313-0 - Radiogenic Isotope Geochemistry

Application of radiogenic isotopes to problems in geochemistry, petrology, hydrology, oceanography, ecology, and environmental science. Includes radioactive decay, nucleosynthesis, cosmochemistry, geochronology, mixing processes, and numerical modeling. Prerequisites: CHEM 132 (formerly CHEM 103) or consent of instructor. Instructor: A. Jacobson

314-0 - Organic Geochemistry

The origin, modification and preservation of organic matter in the sedimentary record; how it relates to global carbon cycle and climate in the geologic past; implications for future greenhouse warming.  Prerequisite: one quarter of earth or environmental sciences and one quarter of chemistry; or consent of instructor.   Instructor: Blair

317-0 - Biogeochemistry

The cycling of biogenic elements (C, N, S, Fe, Mn) in surficial environments. Emphasis on microbial processes and isotopic signatures. Prerequisites: one quarter of chemistry plus one quarter of geoscience, environmental science, or biology. Taught with CIV ENV 317; students may not earn credit for both courses.   Instructor: Blair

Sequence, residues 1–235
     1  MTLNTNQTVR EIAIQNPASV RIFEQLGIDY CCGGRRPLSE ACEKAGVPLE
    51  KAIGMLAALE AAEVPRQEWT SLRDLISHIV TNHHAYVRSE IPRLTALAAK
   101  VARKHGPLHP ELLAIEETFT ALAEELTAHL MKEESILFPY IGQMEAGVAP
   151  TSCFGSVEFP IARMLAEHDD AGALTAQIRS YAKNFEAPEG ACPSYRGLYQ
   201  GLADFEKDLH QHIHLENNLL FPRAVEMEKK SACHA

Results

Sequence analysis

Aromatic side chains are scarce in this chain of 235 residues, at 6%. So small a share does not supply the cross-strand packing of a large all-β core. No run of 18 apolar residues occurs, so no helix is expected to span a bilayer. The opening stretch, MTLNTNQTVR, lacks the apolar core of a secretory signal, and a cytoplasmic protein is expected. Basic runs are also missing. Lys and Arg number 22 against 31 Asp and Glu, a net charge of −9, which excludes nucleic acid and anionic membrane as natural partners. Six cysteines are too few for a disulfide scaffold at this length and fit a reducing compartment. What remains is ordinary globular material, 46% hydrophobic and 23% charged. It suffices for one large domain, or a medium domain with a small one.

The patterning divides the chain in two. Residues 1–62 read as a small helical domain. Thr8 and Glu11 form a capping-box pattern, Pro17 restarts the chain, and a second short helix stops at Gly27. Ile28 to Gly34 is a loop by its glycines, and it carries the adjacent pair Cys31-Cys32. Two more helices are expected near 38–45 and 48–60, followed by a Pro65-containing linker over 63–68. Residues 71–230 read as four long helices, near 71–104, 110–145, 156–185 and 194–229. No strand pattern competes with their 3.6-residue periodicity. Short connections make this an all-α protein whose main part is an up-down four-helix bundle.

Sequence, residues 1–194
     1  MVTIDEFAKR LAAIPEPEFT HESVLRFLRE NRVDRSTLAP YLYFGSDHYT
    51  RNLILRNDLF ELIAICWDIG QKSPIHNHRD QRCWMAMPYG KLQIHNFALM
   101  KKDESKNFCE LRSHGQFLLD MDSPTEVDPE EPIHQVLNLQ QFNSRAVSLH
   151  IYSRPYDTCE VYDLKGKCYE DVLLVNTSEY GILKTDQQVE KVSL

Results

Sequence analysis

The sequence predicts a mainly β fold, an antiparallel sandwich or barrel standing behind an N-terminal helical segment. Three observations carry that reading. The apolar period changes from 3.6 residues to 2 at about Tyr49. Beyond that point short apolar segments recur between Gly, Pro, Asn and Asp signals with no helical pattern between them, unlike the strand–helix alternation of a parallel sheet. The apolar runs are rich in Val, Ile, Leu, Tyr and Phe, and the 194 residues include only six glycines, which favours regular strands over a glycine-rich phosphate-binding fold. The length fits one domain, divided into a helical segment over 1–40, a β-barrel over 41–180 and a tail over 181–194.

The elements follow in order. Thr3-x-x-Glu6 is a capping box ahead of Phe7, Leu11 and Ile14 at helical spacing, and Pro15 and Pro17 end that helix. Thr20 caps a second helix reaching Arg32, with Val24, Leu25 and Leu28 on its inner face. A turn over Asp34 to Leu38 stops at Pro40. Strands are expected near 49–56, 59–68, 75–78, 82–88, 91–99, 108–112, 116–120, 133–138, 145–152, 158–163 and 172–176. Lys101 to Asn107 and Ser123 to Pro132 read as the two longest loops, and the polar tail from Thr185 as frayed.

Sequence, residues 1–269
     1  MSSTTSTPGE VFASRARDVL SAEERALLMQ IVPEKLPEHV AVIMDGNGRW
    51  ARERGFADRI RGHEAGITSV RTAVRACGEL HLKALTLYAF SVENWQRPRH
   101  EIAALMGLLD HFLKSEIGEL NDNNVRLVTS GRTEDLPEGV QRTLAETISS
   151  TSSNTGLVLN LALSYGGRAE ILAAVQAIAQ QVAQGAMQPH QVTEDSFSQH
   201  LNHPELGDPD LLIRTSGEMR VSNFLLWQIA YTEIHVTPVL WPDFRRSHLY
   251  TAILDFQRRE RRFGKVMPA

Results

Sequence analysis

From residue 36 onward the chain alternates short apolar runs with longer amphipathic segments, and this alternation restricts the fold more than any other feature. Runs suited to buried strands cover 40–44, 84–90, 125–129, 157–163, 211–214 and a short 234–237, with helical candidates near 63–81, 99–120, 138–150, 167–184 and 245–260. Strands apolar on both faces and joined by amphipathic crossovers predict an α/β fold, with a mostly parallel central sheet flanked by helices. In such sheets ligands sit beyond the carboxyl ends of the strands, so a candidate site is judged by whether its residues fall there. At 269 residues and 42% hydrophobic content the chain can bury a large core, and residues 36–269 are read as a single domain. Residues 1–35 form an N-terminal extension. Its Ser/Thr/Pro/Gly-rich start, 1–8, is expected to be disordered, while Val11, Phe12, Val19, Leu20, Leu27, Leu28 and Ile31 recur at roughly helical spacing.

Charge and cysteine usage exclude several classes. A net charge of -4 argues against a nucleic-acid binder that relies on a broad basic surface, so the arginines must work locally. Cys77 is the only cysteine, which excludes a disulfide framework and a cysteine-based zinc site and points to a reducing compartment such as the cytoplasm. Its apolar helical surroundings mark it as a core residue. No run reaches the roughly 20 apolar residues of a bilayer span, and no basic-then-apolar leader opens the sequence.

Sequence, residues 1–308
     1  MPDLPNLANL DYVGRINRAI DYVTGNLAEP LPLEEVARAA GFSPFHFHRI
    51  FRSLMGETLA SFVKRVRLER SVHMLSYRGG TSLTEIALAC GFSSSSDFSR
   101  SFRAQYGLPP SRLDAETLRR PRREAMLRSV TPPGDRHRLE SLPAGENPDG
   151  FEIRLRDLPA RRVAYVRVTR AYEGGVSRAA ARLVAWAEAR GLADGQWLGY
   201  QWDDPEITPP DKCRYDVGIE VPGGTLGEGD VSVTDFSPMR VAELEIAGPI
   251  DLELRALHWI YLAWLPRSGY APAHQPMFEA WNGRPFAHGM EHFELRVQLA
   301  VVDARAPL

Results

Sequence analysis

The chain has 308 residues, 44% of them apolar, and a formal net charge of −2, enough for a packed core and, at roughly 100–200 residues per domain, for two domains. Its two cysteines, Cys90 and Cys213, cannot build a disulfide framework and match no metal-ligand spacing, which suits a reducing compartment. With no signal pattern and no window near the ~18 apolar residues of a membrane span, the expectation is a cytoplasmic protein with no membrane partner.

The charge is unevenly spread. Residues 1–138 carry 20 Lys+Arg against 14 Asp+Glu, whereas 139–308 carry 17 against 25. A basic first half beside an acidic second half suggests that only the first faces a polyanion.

320-0 - Global Tectonics

Kinematics of plate tectonics. Geometry, determination, and description of plate motions. Paleomagnetism, marine magnetism, and hot spots. History of ocean basins and mountain-building processes. Prerequisites: EARTH 202 and PHYSICS 135-2; or consent of instructor. Instructor: TBD

321-0 - Reflection Seismology

Theory of seismic reflection technique. Acquisition, data processing and interpretation of seismic reflection data, seismic stratigraphy. Applications to hydrocarbon prospecting, structural geology, tectonics, stratigraphy, and deep continental structure. Prerequisites: EARTH 202, MATH 230, and PHYSICS 135-1; or consent of instructor. Instructor: TBD

322-0 - Scientific Computing in the Physical Sciences